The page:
Image Credit: jessicareeder / Flickr. This image has been modified.

Dr. Oz, apple juice, and arsenic: chicken may have 10 times more

Dr. Oz is right to be concerned about arsenic contamination in our food supply. According to scientists from the Johns Hopkins School of Public Health and the Environmental Protection Agency, “Arsenic is a human carcinogen, and is also associated with increased risks of several noncancer endpoints, including cardiovascular disease, diabetes, neuropathy, and neurocognitive deficits in children.”

Last week The Dr. Oz Show released independent lab reports finding as much as 36 ppb of arsenic in apple juice. USDA researchers, however, have estimated that chicken may harbor as much as 430 ppb. And since Americans consume three times more chicken than apple juice, chicken may represent 30 times the arsenic risk of apple juice. Based on FDA retesting of apple juice samples, though, compared to the amount of arsenic found in a Perdue chicken breast, for example, arsenic exposure from chicken may be only 15 times as great.

The arsenic in apple juice is thought to come from arsenic-containing pesticides still in use in countries such as China, but how did arsenic get into the chicken?

The poultry industry fed it to them.

Every year about two million pounds of arsenic-containing chemicals have been fed to chickens in the United States. Why would the industry do such a thing? When tens of thousands of birds are crammed into filthy, football field-sized sheds to lie beak-to-beak in their own waste they can become so heavily infested with internal parasites that adding arsenic to the feed to poison the bugs can result in a dramatic increase in growth rates. Also, arsenic can give the carcass a pinkish tinge, which consumers prefer.

Though arsenic-based feed additives have been banned in Europe for over a decade, they continue to be legal in the United States. One drug company did announce this summer, though, that it has suspended sales to poultry companies after the FDA found concerning levels of a particularly toxic form of arsenic in edible tissues of chickens given feed laced with the arsenic-containing drug.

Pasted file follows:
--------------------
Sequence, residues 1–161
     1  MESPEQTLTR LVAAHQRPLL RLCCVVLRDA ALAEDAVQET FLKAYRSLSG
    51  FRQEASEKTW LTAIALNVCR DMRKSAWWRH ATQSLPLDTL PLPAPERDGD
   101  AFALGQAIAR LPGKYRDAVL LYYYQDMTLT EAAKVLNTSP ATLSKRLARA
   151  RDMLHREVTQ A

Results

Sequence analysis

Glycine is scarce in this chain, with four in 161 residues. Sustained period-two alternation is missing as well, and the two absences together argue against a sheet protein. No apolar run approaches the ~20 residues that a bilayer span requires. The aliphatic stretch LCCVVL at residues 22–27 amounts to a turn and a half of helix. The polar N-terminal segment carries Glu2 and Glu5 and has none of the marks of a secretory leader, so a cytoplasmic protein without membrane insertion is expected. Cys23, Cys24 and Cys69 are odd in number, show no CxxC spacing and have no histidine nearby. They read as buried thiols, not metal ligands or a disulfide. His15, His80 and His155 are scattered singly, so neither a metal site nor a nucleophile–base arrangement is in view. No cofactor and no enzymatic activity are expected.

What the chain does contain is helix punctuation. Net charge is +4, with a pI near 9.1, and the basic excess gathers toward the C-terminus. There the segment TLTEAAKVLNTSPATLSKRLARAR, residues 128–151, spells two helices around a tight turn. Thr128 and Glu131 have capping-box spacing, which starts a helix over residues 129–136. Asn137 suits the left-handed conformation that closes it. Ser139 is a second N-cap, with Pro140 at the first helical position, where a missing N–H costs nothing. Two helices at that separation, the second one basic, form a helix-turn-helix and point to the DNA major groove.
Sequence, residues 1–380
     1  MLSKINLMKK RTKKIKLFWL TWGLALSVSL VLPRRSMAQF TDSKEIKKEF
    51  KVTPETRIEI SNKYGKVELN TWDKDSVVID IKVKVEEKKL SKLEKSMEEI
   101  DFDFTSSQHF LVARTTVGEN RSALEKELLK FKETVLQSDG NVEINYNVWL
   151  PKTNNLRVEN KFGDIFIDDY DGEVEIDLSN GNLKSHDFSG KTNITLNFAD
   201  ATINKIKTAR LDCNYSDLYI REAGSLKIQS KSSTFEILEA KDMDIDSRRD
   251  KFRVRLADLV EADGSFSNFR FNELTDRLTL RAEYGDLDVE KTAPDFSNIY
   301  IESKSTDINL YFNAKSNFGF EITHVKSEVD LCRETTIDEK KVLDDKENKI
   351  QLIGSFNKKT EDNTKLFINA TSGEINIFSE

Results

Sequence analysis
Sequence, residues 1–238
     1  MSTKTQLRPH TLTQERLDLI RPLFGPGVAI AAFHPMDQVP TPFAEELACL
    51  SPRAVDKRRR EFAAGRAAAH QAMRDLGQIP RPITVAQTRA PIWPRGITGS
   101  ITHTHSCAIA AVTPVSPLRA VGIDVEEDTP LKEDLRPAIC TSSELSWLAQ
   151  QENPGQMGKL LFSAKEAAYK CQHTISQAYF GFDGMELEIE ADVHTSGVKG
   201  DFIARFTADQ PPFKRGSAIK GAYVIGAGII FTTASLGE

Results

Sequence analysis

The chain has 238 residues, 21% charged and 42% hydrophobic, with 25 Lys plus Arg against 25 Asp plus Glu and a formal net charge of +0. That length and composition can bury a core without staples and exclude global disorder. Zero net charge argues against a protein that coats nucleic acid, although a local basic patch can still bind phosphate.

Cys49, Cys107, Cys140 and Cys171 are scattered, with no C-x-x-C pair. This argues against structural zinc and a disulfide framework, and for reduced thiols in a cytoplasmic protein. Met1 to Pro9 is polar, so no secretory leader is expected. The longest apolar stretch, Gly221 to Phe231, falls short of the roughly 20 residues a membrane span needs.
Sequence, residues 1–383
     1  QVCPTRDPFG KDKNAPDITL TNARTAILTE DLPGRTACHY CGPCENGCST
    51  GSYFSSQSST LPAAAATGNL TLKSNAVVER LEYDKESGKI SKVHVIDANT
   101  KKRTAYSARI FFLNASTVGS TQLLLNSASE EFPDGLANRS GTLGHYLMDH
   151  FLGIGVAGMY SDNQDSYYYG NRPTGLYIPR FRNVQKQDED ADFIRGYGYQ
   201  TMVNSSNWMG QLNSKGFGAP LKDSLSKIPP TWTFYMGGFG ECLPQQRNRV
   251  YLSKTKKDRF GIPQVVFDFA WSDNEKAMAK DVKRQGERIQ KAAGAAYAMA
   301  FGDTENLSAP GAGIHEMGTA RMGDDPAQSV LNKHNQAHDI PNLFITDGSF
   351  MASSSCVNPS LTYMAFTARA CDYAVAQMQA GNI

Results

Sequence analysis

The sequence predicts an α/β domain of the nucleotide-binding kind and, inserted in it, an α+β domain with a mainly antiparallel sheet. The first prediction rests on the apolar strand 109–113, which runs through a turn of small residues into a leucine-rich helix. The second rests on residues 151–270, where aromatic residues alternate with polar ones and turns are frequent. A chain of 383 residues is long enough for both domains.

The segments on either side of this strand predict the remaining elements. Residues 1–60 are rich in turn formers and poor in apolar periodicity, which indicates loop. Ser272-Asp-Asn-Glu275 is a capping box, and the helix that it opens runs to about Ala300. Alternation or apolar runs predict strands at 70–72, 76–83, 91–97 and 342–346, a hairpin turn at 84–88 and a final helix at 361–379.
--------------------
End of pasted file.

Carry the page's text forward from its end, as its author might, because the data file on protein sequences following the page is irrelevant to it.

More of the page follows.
Based on the USDA estimates of arsenic levels in the U.S. chicken supply, the prestigious Medical Letter on the Centers for Disease Control and the Food and Drug Administration concluded, “Chicken consumption may contribute significant amounts of arsenic to total arsenic exposure of the U.S. population….Levels of arsenic in chicken are so high that other sources may have to be monitored carefully to prevent undue toxic exposure among the population.”

For more, see my video Arsenic in Chicken.

-Michael Greger, M.D.

Read the Institute for Agriculture and Trade Policy’s report Playing Chicken: Avoiding Arsenic in Your Meat

Comenta

Michael Greger M.D., FACLM

Michael Greger, M.D. FACLM, is a physician, New York Times bestselling author, and internationally recognized professional speaker on a number of important public health issues. Dr. Greger has lectured at the Conference on World Affairs, the National Institutes of Health, and the International Bird Flu Summit, testified before Congress, appeared on The Dr. Oz Show and The Colbert Report, and was invited as an expert witness in defense of Oprah Winfrey at the infamous "meat defamation" trial.


Comment Etiquette

On NutritionFacts.org, you'll find a vibrant community of nutrition enthusiasts, health professionals, and many knowledgeable users seeking to discover the healthiest diet to eat for themselves and their families. As always, our goal is to foster conversations that are insightful, engaging, and most of all, helpful – from the nutrition beginners to the experts in our community.

To do this we need your help, so here are some basic guidelines to get you started.

The Short List

To help maintain and foster a welcoming atmosphere in our comments, please refrain from rude comments, name-calling, and responding to posts that break the rules (see our full Community Guidelines for more details). We will remove any posts in violation of our rules when we see it, which will, unfortunately, include any nicer comments that may have been made in response.

Be respectful and help out our staff and volunteer health supporters by actively not replying to comments that are breaking the rules. Instead, please flag or report them by submitting a ticket to our help desk. NutritionFacts.org is made up of an incredible staff and many dedicated volunteers that work hard to ensure that the comments section runs smoothly and we spend a great deal of time reading comments from our community members.

Have a correction or suggestion for video or blog? Please contact us to let us know. Submitting a correction this way will result in a quicker fix than commenting on a thread with a suggestion or correction.

View the Full Community Guidelines

Deja una respuesta

Tu correo electrónico no se publicará Los campos obligatorios están marcados *

Pin It en Pinterest

Share This